Whenever I begin to feel any pangs of resentment against my brethren and sistren of the Windy City, I think about how Brett and Rennie must have felt looking over Lake Michigan, and how you can tell that they truly love Chicago as a living, breathing thing.

The couple now lives in New Mexico.


The rooftop patio of Tanta Restaurant in downtown Chicago.

Tanta Menu

Jex and his wife Alyssa

Like most mid to large-sized American cities between the end of the Civil War and the dawn of the post-World War II boom, Chicago had an extensive and functional system of streetcars to ferry folks around. Sadly, Ford, General Motors, and Chrysler conspired to buy up these municipal railways and either scrapped the streetcars or sold them off – many original streetcars ended up in South America and Canada. This is of course just a tour bus made up to look like a streetcar, a sort of ironic "fuck you" courtesy of Detroit.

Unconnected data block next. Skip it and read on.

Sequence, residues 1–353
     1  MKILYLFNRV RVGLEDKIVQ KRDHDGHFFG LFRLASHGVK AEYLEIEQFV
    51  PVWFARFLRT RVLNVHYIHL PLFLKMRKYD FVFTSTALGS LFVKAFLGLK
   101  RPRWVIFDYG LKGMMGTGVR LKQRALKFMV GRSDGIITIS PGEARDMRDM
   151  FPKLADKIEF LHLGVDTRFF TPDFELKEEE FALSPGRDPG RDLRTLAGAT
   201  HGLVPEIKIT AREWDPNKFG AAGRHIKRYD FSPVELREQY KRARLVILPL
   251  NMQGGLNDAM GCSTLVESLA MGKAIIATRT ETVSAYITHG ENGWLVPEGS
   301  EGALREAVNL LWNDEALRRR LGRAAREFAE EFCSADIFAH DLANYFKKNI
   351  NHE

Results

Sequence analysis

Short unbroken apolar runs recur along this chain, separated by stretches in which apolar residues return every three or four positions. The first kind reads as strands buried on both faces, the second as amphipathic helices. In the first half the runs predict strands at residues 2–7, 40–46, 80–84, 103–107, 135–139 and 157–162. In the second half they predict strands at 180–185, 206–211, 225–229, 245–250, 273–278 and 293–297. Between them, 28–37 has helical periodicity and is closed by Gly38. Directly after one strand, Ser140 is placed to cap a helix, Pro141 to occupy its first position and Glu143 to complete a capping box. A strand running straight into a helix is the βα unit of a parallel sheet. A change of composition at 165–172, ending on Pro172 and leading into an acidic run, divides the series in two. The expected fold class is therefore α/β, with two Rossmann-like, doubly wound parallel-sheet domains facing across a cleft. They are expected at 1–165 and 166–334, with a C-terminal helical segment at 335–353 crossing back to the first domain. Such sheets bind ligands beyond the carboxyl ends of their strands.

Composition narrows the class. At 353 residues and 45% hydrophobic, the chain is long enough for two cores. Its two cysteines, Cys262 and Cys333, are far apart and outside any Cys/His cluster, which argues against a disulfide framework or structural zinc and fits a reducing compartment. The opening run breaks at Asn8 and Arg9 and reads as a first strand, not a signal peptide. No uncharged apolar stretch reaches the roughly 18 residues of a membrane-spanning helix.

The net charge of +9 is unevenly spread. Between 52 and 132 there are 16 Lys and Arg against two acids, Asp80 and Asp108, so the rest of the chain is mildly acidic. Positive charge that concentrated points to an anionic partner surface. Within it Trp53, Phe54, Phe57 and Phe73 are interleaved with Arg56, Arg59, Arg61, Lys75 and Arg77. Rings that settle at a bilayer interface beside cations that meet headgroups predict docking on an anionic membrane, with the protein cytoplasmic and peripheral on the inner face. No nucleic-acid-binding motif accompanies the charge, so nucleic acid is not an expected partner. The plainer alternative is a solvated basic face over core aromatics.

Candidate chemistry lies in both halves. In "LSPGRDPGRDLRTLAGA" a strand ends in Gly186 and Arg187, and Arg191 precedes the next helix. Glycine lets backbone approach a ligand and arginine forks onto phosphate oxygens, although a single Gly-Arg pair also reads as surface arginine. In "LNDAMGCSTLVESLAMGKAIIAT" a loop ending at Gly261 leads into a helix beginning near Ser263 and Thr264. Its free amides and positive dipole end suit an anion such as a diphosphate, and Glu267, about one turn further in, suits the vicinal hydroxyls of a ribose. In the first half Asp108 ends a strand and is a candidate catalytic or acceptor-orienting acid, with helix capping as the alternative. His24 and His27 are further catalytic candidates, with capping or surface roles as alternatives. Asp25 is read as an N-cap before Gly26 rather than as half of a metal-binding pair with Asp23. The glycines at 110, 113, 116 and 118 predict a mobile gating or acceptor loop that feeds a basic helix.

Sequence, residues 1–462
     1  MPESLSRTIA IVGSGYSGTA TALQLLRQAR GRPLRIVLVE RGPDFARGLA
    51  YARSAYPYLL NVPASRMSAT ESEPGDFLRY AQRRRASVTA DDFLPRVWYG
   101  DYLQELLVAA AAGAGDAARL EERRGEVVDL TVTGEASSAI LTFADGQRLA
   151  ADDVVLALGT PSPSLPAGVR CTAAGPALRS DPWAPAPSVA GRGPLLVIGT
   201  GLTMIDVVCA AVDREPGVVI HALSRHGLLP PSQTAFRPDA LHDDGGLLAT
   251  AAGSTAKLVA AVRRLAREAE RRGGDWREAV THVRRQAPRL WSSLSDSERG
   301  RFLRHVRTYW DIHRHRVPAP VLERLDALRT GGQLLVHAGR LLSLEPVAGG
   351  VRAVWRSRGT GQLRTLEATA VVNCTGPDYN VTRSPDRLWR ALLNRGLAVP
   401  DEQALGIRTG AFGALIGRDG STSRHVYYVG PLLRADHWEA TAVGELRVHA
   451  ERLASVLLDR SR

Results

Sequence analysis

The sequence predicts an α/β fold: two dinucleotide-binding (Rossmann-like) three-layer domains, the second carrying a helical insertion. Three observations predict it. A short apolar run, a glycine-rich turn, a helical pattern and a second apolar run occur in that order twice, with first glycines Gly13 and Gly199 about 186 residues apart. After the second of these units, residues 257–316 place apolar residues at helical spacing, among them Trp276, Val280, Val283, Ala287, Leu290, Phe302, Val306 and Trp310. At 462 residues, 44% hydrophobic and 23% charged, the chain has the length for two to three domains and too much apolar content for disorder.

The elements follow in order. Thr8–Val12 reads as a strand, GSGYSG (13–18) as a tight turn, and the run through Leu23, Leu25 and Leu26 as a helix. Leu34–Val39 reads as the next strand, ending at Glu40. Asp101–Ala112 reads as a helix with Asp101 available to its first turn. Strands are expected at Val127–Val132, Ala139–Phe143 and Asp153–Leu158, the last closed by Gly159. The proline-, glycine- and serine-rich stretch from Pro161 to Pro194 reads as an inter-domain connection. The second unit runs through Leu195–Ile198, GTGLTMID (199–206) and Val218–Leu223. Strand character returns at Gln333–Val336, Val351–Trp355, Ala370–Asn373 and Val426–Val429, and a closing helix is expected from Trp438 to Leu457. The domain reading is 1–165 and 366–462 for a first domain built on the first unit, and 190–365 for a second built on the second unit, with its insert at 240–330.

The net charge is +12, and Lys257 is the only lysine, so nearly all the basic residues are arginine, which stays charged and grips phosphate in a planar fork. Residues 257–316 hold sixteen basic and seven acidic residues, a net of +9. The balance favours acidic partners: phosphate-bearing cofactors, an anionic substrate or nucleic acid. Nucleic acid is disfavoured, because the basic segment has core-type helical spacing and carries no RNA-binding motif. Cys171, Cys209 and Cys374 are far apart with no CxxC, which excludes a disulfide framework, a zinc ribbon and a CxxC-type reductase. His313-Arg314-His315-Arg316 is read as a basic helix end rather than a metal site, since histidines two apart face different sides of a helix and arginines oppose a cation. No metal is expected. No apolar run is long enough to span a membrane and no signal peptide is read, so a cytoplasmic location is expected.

Last chance for any roughage before diving into the Deep Dish. Notice how much meat is on this salad. Welcome to Chicago!

How deep is your dish?

Comedian Ian Russo, of Los Angeles. "We noticed you taking pictures of your pizza, you must be a tourist too!"

Six degrees...
The devil, Malört.

Malört face.

Proper pizza, quite tasty.

Anji is one of the best people.

Just wanted to put that out there.

Smoked whitefish schmear.

Sushi time.

Harper and I sneaking a selfie.

Immediately following this I either had a long nap or forced myself to play several hours of Ingress on foot. Probably the former.

Union Station outbound.